This course includes an optional 2 week practical placement in Cornwall with registered charity, Wild Futures - a leader in the field of primate welfare and conservation, environmental education and sustainable practice, committed to protecting primates and habitats worldwide. This is a safe haven for monkeys rescued from situations of abuse and neglect. They have an international reputation for levels of care and innovative management techniques and work closely with other organisations to lobby local and central government to bring about positive change for primates. They also support projects overseas with funding, practical assistance and advice and believe that education is vital in changing things for the better; educating more than 30,000 visitors and students on their work each year.
Although volunteers do not work directly with the monkeys (who require consistent, specialised care from experienced primate care staff), they do help make sure that things run smoothly.
Volunteers help to clean the enclosures, prepare the monkey’s food, learn to identify edible wild leaves and make enrichment items for them. They also help with site upkeep and other daily tasks, gaining a unique insight into the work done by this organisation.
The sanctuary began with woolly monkeys, a beautiful primate from South America. Thousands of woolly monkeys were imported into Britain in the 1950's, '60's and '70's for the pet trade or to become part of zoos’ collections. Few lived long. The Sanctuary was set up in order to provide a more natural lifestyle for a few ex-pet and ex-zoo monkeys and also to be an example to the zoo world, which labelled woolly monkeys 'difficult' because they had no success with breeding the species. The Sanctuary succeeded on both counts. Given space, respect and tolerance the socially disturbed and humanised individuals gradually settled. In this atmosphere, the first successful birth in captivity occurred in 1967.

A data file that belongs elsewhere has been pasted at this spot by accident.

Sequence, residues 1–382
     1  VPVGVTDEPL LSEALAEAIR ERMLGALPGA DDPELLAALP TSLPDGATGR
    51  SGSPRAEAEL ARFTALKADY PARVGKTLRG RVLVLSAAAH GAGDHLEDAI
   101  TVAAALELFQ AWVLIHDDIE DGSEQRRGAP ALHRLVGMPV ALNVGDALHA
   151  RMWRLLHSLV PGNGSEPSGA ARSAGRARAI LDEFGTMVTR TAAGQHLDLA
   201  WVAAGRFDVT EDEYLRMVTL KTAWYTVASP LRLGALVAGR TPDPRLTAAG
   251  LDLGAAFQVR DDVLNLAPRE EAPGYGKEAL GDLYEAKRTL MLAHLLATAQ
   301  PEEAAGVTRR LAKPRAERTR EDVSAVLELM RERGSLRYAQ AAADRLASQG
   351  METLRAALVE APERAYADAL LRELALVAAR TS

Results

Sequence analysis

Since then, four generations have been born here, all descended from the original monkeys. From the year 2000 The Monkey Sanctuary has had a non-breeding policy and concentrates instead on rehabilitation. Since 2000, they have rescued capuchin monkeys (currently 28) and 3 Barbary macaques who have all had traumatic pasts either as pets, or in zoos and circuses. The main focus of their work is providing a place where all the monkeys can express as much natural behaviour as possible, and for the rescued monkeys this involves a complex rehabilitation process in which their interaction with humans is kept to a minimum, and we hope you will see the benefits of this at work.
The keepers run all aspects of the organisation and each has their own area of responsibility. There are up to 12 keepers, many of whom were once volunteers themselves. When a new person joins the team their first few months are spent learning to recognise the monkeys, not only as individual personalities, but also their position in the hierarchy of the colony. This is very important and means that when the new keeper comes to take an active role in the care of the monkeys they will know how to approach each monkey. Even an act as apparently simple as putting food into the territory has potential problems.
Failure to respond to the status of the monkeys can lead to disputes, e.g. if a dominant monkey feels they should have been given food before a subordinate. Some of the adult males dislike strangers wandering too close to their territory and may try and grab at an inexperienced keeper. Without knowing these different aspects, one could unwittingly cause stress to the monkeys. For this reason volunteers cannot work directly with the monkeys. Often former keepers return to help on a regular basis as experienced volunteers (this is a place that people often want to return to). Working at the Sanctuary full time can be quite intense. The keepers rarely have an opportunity to switch off. Part of their duty is to listen out for any upset in the monkey colony, night and day. At least two experienced keepers must be on the premises at all times to attend to any problems. High summer open days can involve talking to up to a thousand visitors. Communal meal times are well attended by all in the house and are a good time to meet all those new faces.